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Abdominal and Thoracic Aortic Repair or Replacement (AAA/TAA/EVAR/TEVAR)

The physicians at UPMC Heart and Vascular Institute are expert at both traditional and minimally invasive aortic repair and replacement.

Aortic aneurysm repair is a procedure used to treat an aneurysm (abnormal enlargement) of the aorta. Aneurysms can develop anywhere along the aorta which runs from your heart through the center of your chest and abdomen. Aortic aneurysms usually occur in the abdominal area and are called abdominal aortic aneurysms (AAA). When they occur in the upper part of the aorta, they are called thoracic aortic aneurysms.

Types Of Abdominal Aneurysm Repair

Repair of an abdominal aortic aneurysm may be performed surgically through an open incision or in a minimally-invasive procedure called endovascular aneurysm repair (EVAR). The options for treatment of your aneurysm will depend on a variety of factors, including location of the aneurysm, your age, kidney function and other conditions that may increase your risk of surgery or endovascular repair.

Abdominal aortic aneurysm open repair. Open repair involves an incision of the abdomen to directly visualize the aortic aneurysm. The procedure is performed in an operating room under general anesthesia. The surgeon will make an incision in the abdomen either lengthwise from below the breastbone to just below the navel or across the abdomen and down the center. The aneurysm will be repaired using a graft. The graft is sutured to the aorta connecting one end of the aorta at the site of the aneurysm to the other end of the aorta. Open repair remains the standard procedure for an abdominal aortic aneurysm repair and requires recovery for several days in the hospital.

Endovascular aneurysm repair (EVAR/TEVAR). These are minimally-invasive procedures performed in an operating room, radiology department, or a catheterization laboratory under general anesthesia, epidural or spinal anesthesia. Your doctor will make a small incision in each groin to visualize the femoral arteries in each leg. With the use of special endovascular instruments, along with X-ray images for guidance, a stent-graft will be inserted through the femoral artery and advanced up into the aorta to the site of the aneurysm. The stent helps to hold the graft in place. The stent-graft is inserted into the aorta in a collapsed position and once in place, the stent-graft will be expanded (in a spring-like fashion), attaching to the wall of the aorta to support it. The aneurysm will eventually shrink down onto the stent-graft.

Recovery time for people who have endovascular surgery is shorter than for people who have open-abdominal surgery. However, follow-up appointments are more frequent because endovascular grafts can leak. Follow-up ultrasounds are generally done every six months for the first year, and then once a year after that. Long-term survival rates are similar for both endovascular surgery and open surgery.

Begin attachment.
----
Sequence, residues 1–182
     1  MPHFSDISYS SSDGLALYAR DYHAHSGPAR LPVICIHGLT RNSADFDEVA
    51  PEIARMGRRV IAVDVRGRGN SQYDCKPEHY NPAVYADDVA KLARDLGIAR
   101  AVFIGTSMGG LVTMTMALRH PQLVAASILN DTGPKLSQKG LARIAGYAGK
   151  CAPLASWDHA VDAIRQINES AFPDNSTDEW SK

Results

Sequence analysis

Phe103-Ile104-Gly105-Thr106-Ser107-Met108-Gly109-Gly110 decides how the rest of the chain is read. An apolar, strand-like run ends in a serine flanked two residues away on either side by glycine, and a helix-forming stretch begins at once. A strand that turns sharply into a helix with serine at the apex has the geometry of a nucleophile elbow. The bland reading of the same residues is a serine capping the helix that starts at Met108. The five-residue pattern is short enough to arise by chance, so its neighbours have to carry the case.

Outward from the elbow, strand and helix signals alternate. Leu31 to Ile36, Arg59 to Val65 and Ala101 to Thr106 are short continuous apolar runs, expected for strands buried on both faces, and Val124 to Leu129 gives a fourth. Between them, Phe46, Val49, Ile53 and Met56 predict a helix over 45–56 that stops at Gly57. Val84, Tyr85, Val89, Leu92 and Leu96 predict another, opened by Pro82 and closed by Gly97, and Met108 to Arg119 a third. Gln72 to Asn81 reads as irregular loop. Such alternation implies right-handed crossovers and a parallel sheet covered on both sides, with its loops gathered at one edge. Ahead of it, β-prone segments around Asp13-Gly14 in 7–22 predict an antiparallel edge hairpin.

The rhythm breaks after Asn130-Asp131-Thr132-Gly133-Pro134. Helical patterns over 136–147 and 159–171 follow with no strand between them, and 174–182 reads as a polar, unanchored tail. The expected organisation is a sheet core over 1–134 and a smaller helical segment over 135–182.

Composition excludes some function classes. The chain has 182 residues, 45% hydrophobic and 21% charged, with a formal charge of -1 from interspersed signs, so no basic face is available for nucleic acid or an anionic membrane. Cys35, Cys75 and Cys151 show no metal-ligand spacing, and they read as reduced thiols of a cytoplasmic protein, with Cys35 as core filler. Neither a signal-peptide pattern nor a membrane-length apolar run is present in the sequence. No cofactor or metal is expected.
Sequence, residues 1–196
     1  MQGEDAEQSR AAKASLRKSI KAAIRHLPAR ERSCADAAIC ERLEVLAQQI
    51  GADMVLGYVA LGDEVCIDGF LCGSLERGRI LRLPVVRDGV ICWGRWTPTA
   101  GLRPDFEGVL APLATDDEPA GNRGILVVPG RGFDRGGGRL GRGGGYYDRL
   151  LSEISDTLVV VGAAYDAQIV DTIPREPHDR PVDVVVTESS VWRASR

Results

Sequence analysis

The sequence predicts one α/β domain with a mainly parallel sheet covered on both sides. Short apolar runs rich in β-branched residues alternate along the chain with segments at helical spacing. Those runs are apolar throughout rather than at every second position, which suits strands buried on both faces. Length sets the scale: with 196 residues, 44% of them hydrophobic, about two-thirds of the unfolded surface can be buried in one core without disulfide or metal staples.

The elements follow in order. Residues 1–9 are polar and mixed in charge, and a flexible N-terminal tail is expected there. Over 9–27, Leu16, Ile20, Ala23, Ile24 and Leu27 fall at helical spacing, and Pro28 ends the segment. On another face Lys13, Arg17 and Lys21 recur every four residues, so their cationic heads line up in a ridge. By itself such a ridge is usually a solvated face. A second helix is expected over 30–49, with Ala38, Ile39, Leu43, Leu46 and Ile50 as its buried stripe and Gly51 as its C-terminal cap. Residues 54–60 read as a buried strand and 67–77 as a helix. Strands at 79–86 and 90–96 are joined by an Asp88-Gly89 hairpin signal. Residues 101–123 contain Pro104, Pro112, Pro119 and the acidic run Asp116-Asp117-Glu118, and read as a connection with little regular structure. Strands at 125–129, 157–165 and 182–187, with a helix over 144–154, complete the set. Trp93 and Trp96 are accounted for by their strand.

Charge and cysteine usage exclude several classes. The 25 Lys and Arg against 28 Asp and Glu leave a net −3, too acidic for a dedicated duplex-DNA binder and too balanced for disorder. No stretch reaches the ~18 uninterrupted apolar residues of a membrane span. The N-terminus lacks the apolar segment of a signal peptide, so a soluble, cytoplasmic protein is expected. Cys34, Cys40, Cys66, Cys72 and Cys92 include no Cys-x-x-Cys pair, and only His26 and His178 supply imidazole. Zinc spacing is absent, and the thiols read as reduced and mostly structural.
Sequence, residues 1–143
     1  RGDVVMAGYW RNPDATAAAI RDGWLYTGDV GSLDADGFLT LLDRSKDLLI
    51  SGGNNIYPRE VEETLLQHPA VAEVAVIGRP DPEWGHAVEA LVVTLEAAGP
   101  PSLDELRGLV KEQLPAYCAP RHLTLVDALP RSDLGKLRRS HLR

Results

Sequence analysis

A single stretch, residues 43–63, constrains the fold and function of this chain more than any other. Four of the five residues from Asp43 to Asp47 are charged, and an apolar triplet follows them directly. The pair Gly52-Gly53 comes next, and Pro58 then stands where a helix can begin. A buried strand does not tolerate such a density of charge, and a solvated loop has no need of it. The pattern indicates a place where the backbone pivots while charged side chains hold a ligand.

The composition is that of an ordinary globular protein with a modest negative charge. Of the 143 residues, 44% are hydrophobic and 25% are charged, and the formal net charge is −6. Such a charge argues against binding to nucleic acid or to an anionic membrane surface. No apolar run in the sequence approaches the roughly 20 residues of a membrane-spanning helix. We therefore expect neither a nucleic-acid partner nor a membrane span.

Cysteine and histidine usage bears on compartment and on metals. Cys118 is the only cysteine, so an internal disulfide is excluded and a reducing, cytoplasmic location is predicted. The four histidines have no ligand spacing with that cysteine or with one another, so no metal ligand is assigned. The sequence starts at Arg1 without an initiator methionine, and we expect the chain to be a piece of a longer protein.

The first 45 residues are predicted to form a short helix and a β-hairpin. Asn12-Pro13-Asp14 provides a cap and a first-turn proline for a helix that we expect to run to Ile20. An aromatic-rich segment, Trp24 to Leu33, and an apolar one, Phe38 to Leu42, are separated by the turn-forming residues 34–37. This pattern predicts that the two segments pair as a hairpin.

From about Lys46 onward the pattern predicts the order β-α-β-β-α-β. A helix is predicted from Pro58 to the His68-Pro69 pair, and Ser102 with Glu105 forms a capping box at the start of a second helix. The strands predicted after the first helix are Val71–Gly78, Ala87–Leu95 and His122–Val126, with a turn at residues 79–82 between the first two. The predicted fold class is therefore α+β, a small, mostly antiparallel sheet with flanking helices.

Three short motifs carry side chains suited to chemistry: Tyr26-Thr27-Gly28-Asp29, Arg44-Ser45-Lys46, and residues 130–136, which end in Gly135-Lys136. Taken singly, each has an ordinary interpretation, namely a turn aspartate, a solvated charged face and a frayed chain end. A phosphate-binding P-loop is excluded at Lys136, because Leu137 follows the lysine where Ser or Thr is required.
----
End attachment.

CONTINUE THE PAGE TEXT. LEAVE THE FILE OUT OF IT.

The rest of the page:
Reasons For The Procedures

It's important to discuss with your doctor the risks associated with both procedures however, he or she will like recommend surgery for one or more of the following reasons:

  • To prevent the risk of rupture
  • To relieve symptoms and restore a good blood flow
  • Size of aneurysm greater than 5 centimeters in diameter (about two inches)
  • Growth rate of aneurysm of more than 0.5 centimeter (about 0.2 inch) over one year
  • When risk of rupture outweighs the risk of surgery
  • Emergency life-threatening hemorrhage (uncontrolled bleeding)

Providers

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Phone: 717-731-0101

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Read more about aneurysms.

Locations

Surgical Specialists of Lancaster - UPMC
1575 Highlands Drive
Suite 200
Lititz, PA 17543

Phone: 717-735-7410
Fax: 717-735-7438

Surgical Specialists of Lancaster - UPMC
2101 Embassy Drive
Lancaster, PA 17603

Phone: 717-735-7410
Fax: 717-735-7438 

UPMC Heart and Vascular Institute
360 Alexander Spring Road
Carlisle, PA 17013

Adult Cardiology: 717-243-6557
Pediatric Cardiology: 717-761-0200
Fax: 717-243-0102

UPMC Heart and Vascular Institute
1000 North Front Street
Wormleysburg, PA 17043

Adult Cardiology: 717-731-0101
Pediatric Cardiology: 717-761-0200
Fax: 717-731-8359  

UPMC Heart and Vascular Institute
Located at Brady Building
205 South Front Street
4th floor
Harrisburg, PA 17104

Phone: 717-231-8555
Fax: 717-231-8568

UPMC Heart and Vascular Institute
2808 Old Post Road
Harrisburg, PA 17110

Adult Cardiology: 717-920-4400
Pediatric Cardiology: 717-761-0200
Fax: 717-920-4401

UPMC Heart and Vascular Institute
12 Saint Paul Drive
Suite 205
Chambersburg, PA 17201

Adult Cardiology: 717-217-6881
Pediatric Cardiology: 717-761-0200
Fax: 717-217-6889

UPMC Heart and Vascular Institute
Located at UPMC Outpatient Center
2201 Brunswick Drive
2200
Hanover, PA 17331

Phone: 717-637-1738
Fax: 717-646-7430 

UPMC Heart and Vascular Institute
Located at Outpatient Services at UPMC Memorial
1703 Innovation Drive
Suite 4120
York, PA 17408

Heart and Vascular: 717-849-5576
Fax: 717-718-9972

UPMC Heart and Vascular Institute
Located at Medical Office Building
310 Stock Street
Suite 3
Hanover, PA 17331

Phone: 717-637-1738
Fax: 717-646-7430

UPMC Heart and Vascular Institute
1600 6th Avenue
Suite 105
York, PA 17403

Phone: 717-849-5576
Fax: 717-718-9972

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